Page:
Pat Toomey Defends GOP For Blocking Veterans Bill, Calls Jon Stewart 'Pseudo-Celebrity'

The Pennsylvania senator led Republican opposition to benefits championed by Stewart for military veterans exposed to toxic burn pits.
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Sen. Pat Toomey (R-Pa.) on Sunday defended his party for blocking a bill aimed at supporting military veterans exposed to toxic burn pits, lashing out at Democrats for rallying behind a “pseudo-celebrity,” an apparent reference to comedian Jon Stewart.

Stewart, the former “Daily Show” host who for years has advocated for veterans and first responders suffering from toxic exposures, has fiercely criticized the GOP for Thursday’s vote. The bill got the support of only eight Republicans, falling short of the 10 GOP votes needed, and seemed to be a way of getting revenge on Democrats after they brokered a climate deal with Sen. Joe Manchin (D-W.Va.) that caught Senate Minority Leader Mitch McConnell (R-Ky.) by surprise.

“This is the oldest trick in Washington,” Toomey told CNN’s “State of the Union” on Sunday. “People take a sympathetic group of Americans — and it could be children with an illness, it could be victims of crime, it could be veterans who’ve been exposed to toxic chemicals — craft a bill to address their problems, and then sneak in something completely unrelated that they know could never pass on its own and dare Republicans to do anything about it, because they know they will unleash their allies in the media and maybe a pseudo-celebrity to make up false accusations to try to get us to just swallow what shouldn’t be there.”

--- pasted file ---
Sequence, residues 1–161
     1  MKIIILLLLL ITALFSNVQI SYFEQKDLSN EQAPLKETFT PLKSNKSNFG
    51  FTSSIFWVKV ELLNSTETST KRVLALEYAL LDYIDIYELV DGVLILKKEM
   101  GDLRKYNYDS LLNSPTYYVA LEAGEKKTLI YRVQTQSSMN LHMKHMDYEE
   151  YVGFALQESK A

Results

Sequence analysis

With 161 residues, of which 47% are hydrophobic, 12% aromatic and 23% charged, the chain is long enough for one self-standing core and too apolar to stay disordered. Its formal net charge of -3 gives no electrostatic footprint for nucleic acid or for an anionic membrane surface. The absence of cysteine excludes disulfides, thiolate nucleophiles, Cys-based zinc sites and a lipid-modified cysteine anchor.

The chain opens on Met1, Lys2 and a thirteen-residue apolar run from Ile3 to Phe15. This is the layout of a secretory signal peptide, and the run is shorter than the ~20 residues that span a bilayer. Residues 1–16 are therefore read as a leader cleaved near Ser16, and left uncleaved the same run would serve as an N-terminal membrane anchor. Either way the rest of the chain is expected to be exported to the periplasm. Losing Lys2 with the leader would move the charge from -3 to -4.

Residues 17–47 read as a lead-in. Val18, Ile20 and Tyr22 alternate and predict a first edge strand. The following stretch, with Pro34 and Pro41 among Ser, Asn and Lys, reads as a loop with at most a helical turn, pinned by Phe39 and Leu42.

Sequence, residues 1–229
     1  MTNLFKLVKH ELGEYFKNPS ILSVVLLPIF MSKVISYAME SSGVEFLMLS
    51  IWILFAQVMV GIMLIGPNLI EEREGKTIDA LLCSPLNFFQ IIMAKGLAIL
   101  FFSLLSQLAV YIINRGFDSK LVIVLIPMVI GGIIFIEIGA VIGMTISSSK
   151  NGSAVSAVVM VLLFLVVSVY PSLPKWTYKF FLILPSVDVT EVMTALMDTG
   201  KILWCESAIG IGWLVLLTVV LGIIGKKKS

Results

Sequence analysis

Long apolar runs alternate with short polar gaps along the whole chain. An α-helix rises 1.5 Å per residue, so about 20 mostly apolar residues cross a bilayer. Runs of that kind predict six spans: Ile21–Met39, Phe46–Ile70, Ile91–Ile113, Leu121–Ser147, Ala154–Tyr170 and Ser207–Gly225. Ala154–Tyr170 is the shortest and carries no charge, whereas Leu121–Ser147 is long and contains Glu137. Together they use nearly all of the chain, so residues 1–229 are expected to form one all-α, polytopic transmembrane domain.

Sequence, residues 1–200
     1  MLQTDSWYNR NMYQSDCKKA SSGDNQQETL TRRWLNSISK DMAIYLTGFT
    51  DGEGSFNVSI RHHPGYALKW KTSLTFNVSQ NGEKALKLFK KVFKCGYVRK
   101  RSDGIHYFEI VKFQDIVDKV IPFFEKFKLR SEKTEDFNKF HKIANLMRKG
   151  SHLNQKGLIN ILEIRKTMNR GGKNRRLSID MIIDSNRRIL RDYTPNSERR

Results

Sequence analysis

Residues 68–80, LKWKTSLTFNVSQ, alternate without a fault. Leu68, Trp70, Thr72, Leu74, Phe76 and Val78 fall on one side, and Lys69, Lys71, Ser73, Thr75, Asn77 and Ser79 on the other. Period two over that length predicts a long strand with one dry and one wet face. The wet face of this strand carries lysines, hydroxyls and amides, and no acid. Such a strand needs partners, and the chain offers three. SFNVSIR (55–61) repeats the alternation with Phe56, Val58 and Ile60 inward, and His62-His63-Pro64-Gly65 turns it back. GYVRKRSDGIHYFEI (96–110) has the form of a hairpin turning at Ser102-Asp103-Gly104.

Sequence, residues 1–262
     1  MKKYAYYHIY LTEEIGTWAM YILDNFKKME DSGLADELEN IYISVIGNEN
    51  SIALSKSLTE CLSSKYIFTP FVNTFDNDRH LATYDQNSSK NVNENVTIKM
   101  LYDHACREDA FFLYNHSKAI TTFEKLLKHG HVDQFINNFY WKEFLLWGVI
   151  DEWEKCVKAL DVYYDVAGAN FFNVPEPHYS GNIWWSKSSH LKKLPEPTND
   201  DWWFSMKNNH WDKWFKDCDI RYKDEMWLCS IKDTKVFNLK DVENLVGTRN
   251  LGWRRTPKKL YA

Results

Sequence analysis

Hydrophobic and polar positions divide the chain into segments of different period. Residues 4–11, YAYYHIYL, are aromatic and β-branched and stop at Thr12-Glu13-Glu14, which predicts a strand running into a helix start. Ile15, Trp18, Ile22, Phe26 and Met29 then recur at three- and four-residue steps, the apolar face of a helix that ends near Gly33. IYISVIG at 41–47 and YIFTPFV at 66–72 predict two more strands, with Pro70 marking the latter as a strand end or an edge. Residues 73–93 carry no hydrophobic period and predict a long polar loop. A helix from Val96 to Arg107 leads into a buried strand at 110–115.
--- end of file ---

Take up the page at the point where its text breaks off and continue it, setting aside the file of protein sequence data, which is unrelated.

Toomey urged fellow Republicans to oppose the legislation, saying it contained a “budgetary gimmick” to provide $400 billion in additional spending. The GOP is “not opposed to any of the substance” of the veterans’ bill, he told CNN’s Jake Tapper.

Toomey said he wants the Senate to vote on an amendment he introduced Tuesday to keep the $400 billion “in the category where it’s always been, the discretionary spending category.”

Stewart told ABC’s “This Week” he would support senators getting a chance to vote on the amendment. Toomey’s proposal, he said, wouldn’t make the spending discretionary.

“The Toomey amendment is really about caping the fund. It’s about putting caps on it and giving it a sunset clause for 10 years,” Stewart said.

He continued: “What Toomey’s amendment wants to do is make sure that our sick and dying veterans have the pleasure that our 9/11 first responders at Ground Zero had of having to come back to Washington, hat in hand, riddled with cancer, and march through the halls of the Hill begging for money every year.”

Republican Sens. Ted Cruz (R-Texas) and Steve Daines (R-Mont.) also came under fire after they were caught fist-bumping on the Senate floor after the bill failed to pass.

CORRECTION: A prior version of this story listed the incorrect party affiliation for Toomey.